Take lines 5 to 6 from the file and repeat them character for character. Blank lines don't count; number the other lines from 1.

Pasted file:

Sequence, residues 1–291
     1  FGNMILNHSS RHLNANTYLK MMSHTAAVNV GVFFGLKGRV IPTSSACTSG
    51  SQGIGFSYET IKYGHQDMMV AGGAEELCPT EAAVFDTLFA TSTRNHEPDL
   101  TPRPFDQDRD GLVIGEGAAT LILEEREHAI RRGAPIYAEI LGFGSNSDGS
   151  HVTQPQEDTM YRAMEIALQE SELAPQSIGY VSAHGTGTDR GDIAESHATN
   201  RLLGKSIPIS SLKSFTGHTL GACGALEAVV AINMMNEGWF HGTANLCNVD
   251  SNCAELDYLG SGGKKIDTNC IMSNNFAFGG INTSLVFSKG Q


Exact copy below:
   151  HVTQPQEDTM YRAMEIALQE SELAPQSIGY VSAHGTGTDR GDIAESHATN
   201  RLLGKSIPIS SLKSFTGHTL GACGALEAVV AINMMNEGWF HGTANLCNVD